Perched atop Customs House in Circular Quay, a lot of people have heard a lot about Café Sydney, and one of your increasingly endearing reviewers (Lorin) had never been there before, so we were expecting a lot. Gratification came before we’d even entered the lift. There is (and believe us, upper-case is warranted) A MINIATURE MODEL OF SYDNEY UNDER THE PERSPEX FLOOR IN THE FOYER. Anyone who has met Lorin knows that she’s not the tallest of creatures, so anything that’s both itty and bitty really pleases her. I’m huge, Jerry! Huge!
Thousands of tiny people can see her bottom.
A ROOM WITH OR WITHOUT A VIEW Right. Clearing throat noise. Back to the bar. The lift doors opened, and we were greeted by hosts in a dimly lit, chatty, buzzy bar. Escorted to our organically swirly seats, we were disappointed that there was no room on the balcony in front of the oft-lauded view, but we were there to drink in cocktails, not vistas. Now, opening the dustiest areas of our brains’ language centre, we’re afraid we’ll have to describe the bar décor as ‘groovy’. And we’re really sorry about that, but it is. Blue carpet, black and white curved, low seating and tiny illuminated tables, one could feel completely comfortable telling a cat that they dug something here. For extra laughs, do as we did and bring a ridiculously tall companion – obviously, the hilarity of watching 6’6” people drink in short chairs with their knees at shoulder height never gets old. That cat was the go, man, the finger-snappin’ go.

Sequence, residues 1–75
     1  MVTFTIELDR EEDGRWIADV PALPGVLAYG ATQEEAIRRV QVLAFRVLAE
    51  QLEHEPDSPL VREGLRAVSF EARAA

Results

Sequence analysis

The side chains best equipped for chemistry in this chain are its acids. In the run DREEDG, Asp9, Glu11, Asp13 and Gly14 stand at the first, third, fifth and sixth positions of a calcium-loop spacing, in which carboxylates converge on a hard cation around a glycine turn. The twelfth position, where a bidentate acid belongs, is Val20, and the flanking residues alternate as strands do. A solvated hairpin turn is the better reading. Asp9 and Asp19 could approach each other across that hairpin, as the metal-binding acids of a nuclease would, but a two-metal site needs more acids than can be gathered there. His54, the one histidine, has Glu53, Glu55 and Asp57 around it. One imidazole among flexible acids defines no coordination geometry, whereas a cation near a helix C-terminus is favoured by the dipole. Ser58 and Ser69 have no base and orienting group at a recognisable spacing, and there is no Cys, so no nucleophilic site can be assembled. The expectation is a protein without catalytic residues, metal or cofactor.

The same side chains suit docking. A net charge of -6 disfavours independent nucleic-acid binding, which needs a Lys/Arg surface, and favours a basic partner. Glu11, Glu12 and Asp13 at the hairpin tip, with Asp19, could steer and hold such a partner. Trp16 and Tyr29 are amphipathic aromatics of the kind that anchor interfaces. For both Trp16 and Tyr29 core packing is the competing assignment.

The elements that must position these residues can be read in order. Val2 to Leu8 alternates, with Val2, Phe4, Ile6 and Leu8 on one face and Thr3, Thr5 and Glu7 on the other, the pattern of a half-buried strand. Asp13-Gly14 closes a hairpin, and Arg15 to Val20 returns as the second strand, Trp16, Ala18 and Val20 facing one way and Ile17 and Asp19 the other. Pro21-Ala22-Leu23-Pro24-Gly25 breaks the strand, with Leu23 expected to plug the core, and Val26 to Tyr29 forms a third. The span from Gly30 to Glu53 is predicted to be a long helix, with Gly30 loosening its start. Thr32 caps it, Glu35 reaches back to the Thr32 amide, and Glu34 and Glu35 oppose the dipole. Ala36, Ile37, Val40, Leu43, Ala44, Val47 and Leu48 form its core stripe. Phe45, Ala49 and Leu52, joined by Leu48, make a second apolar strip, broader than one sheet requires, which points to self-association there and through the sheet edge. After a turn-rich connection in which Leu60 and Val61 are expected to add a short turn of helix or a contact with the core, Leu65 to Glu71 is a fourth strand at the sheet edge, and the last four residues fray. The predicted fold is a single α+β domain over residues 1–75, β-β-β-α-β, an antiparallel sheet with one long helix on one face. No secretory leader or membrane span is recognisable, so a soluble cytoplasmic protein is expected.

The bar is brilliant-looking; long, dark and sturdy, just how we like our... um, bars. Music was utterly perfect for the surroundings – cool, jazzy and thirst-inducing. Opposite the bar is an open kitchen which helps add to the atmosphere, but out on the deck - generally reserved for the restaurant’s patrons - is where you want to be. Oh, sweet nappy-wearing baby Jesus, THE VIEW. If you ever have to impress people from out of town, bring them here and your job is done. Luckily, due to massive dropped hints and some accomplished wheedling, we were able to get an upgrade and move out onto the deck, and can we just say, there is seriously nothing more relaxing than sitting down to a nice view with a drink. Every now and again you can be reminded that Sydney Harbour is actually breathtaking, and not just something that belongs in a snow-dome.
Yeah. If you want proper non-blurry photographs of Sydney, you're probably on the wrong website.
THE BOTTOMS OF THE HARBOUR Sticking with the dark-wood-and-white-walls theme, the bathrooms, if one has the arm-strength to gain access through the heavy doors, are simple and classic with stumblingly-appreciated touches. Black and white photos adorn the walls, and the trough-style sink, although odd, is old school enough to work. Little details like Aesop moisturiser, neatly placed and ordered hand towels and a flower box in the window all complete the experience. A-one water closet, people. A-one.
THE BIG BOOK OF AWESOME We were handed menus, or what Lorin referred to as Folders of Fabulousness, and left to make our decision. When the waiter noticed that we were taking notes from the menu, he came over, deftly tore the menu pages from their hard cover and handed them to us. Customer service educators worldwide take note: if you intentionally destroy part of your establishment’s property in order to make a patron’s life easier, you have won. Also, this menu was unbelievable. It’s extensive with an almost ridiculous amount of variety, and cocktails are classified under headings like ‘Long Lasting’, ‘Classic Collection’, ‘CS Creations’ ‘After Thoughts; and ‘Non-Alcoholic’. Frankly, that last one confused us a little.
It's squiggly, so you know it's good.